Thursday, September 18, 2014




Dietitians Dish: Sand, sun and snacks

By BY ELIZABETH SOMMERFELD
July 10, 2012 at 2:10 a.m.

K-Lee Flores, 15, Pete Estrada, 4, and Donald Barajas, 9, play in the sand at Lighthouse Beach in Port Lavaca on Wednesday, June 29, 2011. KASSANDRA LAU/KLAU@VICAD.COM

It's that time of the year when people are hitting the beach. Time is spent lounging in the sun, building sandcastles and swimming. While it feels good to be relaxing in the sun, the sun and heat can dehydrate you quickly. Consider some of the following quick and easy-to-pack snacks to help keep you hydrated:

Melons: watermelon, cantaloupe, honeydew

Salads

Carrots

Low-fat yogurt

Sugar-free gelatin

Popsicles

If you have been outside and sweating a lot, consider the addition of salty foods to replace sodium lost in the sweat.•  Whole grain crackers Whole grain crackers

•  Low-fat popcorn Low-fat popcorn

•  Pretzels Pretzels

•  Jerky Jerky

•  Pickles Pickles

•  Baked chips Baked chips

Drinks are the most common way to stay hydrated. Choose water most often, but if you are looking for something with flavor, avoid the high sugar and caffeinated drinks. Caffeine can make you urinate more often, which can lead to dehydration if those fluids are not replaced. Avoid the sports drinks as these can be loaded in sugar; drink them sparingly.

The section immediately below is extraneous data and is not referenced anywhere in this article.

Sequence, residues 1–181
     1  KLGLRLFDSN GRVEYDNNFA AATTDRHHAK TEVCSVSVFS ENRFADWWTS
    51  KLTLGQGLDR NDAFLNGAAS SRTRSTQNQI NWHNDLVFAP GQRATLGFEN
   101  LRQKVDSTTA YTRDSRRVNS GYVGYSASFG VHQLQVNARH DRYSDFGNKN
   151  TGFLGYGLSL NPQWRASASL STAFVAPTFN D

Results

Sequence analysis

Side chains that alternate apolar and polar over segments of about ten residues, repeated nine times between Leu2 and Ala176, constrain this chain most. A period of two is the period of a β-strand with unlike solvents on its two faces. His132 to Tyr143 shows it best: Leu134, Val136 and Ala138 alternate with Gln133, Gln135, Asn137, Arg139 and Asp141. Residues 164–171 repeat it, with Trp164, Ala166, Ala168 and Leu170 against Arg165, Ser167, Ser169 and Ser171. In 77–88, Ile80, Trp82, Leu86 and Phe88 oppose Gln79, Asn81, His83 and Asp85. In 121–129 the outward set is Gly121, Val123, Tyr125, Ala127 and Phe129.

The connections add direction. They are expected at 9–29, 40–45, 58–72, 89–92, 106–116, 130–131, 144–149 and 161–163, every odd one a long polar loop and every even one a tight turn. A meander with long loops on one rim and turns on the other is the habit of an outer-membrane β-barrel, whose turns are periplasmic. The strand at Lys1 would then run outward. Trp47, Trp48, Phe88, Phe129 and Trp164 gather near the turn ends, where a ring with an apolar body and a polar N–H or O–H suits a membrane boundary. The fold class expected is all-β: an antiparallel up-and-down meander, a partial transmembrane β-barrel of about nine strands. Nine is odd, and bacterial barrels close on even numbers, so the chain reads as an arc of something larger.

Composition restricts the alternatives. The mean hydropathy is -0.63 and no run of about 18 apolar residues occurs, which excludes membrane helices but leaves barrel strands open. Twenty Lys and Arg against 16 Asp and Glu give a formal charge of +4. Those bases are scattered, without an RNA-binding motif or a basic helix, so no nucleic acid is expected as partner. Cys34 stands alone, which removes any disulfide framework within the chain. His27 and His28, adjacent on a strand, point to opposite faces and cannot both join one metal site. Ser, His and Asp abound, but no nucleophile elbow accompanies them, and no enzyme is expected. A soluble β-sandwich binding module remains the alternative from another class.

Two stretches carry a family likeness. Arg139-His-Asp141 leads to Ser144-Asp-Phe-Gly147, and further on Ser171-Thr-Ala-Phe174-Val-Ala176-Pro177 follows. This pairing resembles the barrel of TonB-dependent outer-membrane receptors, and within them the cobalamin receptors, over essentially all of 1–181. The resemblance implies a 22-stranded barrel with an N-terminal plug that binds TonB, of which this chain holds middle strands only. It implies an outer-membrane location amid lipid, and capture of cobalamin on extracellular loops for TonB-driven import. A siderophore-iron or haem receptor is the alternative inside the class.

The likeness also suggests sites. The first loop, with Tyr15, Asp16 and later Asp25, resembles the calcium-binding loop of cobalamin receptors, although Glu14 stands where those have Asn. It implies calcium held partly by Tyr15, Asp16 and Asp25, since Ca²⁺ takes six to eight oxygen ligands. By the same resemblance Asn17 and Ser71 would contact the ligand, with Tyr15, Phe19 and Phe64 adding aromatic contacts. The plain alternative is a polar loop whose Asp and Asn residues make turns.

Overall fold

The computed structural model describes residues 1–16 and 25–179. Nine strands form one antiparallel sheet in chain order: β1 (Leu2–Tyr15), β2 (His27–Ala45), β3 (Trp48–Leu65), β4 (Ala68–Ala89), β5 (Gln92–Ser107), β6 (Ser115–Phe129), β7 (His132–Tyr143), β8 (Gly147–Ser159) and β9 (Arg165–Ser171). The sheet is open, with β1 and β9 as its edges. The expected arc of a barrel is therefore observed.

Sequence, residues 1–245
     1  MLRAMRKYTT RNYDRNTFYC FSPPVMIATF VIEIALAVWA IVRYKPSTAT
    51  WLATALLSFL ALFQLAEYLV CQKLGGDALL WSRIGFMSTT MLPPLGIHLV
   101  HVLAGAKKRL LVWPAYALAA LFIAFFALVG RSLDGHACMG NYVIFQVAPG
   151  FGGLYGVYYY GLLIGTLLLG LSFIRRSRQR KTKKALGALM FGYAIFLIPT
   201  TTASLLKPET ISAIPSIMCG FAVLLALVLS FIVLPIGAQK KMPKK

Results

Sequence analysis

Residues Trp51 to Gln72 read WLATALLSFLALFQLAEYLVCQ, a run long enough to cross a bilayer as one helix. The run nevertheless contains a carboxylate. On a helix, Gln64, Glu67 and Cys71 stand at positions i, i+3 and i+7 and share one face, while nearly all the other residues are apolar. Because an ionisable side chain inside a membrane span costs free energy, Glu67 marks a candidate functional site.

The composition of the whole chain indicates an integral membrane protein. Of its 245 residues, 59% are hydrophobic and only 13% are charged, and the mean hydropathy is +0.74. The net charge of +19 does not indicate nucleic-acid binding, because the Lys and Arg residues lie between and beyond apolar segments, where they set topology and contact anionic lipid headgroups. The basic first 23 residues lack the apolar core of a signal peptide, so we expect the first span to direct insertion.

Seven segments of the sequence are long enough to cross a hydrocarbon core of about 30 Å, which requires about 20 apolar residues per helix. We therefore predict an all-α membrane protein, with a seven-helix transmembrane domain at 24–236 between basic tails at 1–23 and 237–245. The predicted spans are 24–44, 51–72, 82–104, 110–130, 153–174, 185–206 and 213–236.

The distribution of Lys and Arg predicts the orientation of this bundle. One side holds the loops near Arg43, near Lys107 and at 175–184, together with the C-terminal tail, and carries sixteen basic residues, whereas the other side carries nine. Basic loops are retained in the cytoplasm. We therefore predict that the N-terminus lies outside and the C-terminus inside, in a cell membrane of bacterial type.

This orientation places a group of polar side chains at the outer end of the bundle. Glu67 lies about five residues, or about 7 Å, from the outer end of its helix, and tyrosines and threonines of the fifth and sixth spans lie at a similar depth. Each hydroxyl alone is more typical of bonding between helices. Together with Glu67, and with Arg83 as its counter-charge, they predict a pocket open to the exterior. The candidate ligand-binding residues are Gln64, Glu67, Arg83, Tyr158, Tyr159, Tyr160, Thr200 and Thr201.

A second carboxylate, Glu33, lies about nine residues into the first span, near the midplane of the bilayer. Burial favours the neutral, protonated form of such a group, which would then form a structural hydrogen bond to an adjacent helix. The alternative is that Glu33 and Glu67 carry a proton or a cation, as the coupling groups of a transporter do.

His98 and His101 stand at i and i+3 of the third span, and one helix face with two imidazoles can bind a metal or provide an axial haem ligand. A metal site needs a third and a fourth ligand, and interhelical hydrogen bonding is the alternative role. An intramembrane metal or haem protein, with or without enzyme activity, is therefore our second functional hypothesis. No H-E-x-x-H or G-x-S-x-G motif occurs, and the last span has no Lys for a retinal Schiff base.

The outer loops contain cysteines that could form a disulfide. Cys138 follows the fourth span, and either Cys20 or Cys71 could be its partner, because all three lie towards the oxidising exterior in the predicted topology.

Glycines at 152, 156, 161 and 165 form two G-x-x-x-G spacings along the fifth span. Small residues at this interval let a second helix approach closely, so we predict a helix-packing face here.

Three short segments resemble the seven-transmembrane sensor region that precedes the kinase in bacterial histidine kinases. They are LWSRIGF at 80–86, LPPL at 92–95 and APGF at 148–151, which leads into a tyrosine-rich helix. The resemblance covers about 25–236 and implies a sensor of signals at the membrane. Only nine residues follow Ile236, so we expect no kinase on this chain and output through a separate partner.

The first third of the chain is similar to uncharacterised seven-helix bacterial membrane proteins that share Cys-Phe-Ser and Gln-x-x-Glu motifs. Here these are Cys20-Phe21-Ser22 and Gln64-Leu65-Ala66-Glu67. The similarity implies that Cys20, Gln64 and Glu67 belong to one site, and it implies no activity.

Alcohol can also cause dehydration and should be limited. Consider the fact that drinking alcoholic beverages and swimming is also not a good combination and is known to be a factor in drowning deaths.

Parents need to know the signs and symptoms of dehydration and be aware of them for themselves, as well as their children. Children may get too involved in activity and forget to rehydrate themselves. Signs of dehydration include:

Thirst or dry, sticky mouth

Irritability

Cramps or headache

Decreased urine output (or urine that is a dark yellow)

Sleepiness or tiredness

Dizziness or lightheadedness

Remember, if it's hot outside and foods need to remain cold, you must plan ahead. Cold foods should be kept at less than 40 degrees. Keep drinks, fruits and vegetables on ice. If foods get warm for more than two hours, throw it away to prevent foodborne illness.

Keep the ice chest in the shade to help lower the temperature of the ice chest and make the ice last longer. Also, make sure you bring your hand sanitizer in case there is no place to wash your hands.

Elizabeth Sommerfeld is the clinical nutrition manager/bariatric coordinator at DeTar Healthcare Systems. She is a registered and licensed dietitian and has a master of science degree. Send questions or comments to dietitians@vicad.com.

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